Field trip: Miami Dunes

The dunes of Miami Beach. Photo by Sonali Saha

Join the Florida Wildflower Foundation for a walk along the Miami Dunes on Saturday, April 16, 2022 at 8:30 am.

The dunes of Miami Beach play an important role as safety zones for inland habitats, and as biodiversity hotspots that support many native plants and animals. On this coastal dune walk, Dr. Sonali Saha will talk about the ongoing conservation and outreach efforts aimed at highlighting and protecting these fragile ecosystems. She’ll also call attention to some of the flowering plants that make this habitat so unique, including Rubbervine (Echites umbellatus), Yellow necklacepod (Sophora tomentosa), Beach morning glory (Ipomoea imperati), and Beach clustervine (Jacquemontia reclinata), an endemic and endangered species. Saha, along with other citizen scientists, is collaborating with Fairchild Tropical Botanical Garden and the City of Miami Beach to conserve this gem of an urban ecosystem.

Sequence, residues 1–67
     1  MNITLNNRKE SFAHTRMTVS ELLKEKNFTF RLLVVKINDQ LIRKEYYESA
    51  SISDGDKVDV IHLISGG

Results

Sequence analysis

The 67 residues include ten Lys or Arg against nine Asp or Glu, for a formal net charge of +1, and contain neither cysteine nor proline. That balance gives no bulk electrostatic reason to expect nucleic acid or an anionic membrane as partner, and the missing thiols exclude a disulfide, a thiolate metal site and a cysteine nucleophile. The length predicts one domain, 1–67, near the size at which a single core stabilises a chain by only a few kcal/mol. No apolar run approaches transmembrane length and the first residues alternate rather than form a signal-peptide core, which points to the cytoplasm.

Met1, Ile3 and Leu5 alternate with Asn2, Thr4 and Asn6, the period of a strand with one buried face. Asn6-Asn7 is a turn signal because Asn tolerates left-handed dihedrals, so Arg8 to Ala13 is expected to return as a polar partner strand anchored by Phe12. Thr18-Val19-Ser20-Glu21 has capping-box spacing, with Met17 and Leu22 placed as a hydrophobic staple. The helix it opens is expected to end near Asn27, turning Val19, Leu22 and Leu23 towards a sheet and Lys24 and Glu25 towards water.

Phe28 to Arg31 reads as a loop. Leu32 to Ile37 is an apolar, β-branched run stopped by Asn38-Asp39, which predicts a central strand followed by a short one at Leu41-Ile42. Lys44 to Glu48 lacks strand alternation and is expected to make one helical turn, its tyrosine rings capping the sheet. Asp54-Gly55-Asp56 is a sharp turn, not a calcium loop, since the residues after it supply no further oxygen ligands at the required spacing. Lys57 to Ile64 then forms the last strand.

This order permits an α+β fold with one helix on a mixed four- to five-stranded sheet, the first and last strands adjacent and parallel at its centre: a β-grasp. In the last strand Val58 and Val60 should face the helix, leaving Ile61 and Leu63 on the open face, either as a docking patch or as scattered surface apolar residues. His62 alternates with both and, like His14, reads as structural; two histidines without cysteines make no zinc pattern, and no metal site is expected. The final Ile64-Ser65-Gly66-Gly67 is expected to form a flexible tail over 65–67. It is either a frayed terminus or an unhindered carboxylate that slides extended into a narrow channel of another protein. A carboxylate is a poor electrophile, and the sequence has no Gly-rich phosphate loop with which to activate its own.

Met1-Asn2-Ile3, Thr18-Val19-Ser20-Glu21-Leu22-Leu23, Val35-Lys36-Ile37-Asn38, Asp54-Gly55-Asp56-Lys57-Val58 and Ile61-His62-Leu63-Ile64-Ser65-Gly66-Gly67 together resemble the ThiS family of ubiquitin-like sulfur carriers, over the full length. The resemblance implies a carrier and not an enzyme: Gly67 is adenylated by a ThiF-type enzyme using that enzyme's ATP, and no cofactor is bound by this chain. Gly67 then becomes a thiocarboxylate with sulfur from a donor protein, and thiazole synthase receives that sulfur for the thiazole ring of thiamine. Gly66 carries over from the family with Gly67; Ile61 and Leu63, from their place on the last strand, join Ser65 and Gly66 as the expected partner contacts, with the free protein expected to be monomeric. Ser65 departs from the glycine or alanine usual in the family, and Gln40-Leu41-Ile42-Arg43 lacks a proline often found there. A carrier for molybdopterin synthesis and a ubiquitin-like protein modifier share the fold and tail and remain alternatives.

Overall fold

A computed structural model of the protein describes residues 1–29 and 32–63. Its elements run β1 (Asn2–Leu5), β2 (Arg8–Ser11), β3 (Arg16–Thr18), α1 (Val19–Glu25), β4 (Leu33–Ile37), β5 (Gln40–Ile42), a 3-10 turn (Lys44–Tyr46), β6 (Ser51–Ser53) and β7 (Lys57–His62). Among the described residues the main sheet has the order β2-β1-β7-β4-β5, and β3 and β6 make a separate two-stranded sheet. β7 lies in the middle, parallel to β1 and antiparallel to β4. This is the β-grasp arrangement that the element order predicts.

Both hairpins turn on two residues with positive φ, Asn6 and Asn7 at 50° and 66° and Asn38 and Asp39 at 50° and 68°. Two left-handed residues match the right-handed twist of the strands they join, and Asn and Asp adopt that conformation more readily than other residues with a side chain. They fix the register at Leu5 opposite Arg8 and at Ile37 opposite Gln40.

Beach morning glory
Beach clustervine (endemic, endangered)
Yellow necklacepod

Dr. Sonali Saha teaches biology and environmental science at Miami Dade College. She has developed demonstration gardens featuring native wildflowers of Miami’s pine rocklands habitats at several of the college’s campuses, including one at the North Campus Science Complex, funded by a Florida Wildflower Foundation Viva Florida grant.

Registration is free for Florida Wildflower Foundation members and $10 for nonmembers.

Call 407-622-1606 or email to find out if your membership is current or needs to be renewed. To join as a member, visit

This educational opportunity is made possible by the State Wildflower license plate. Get yours today!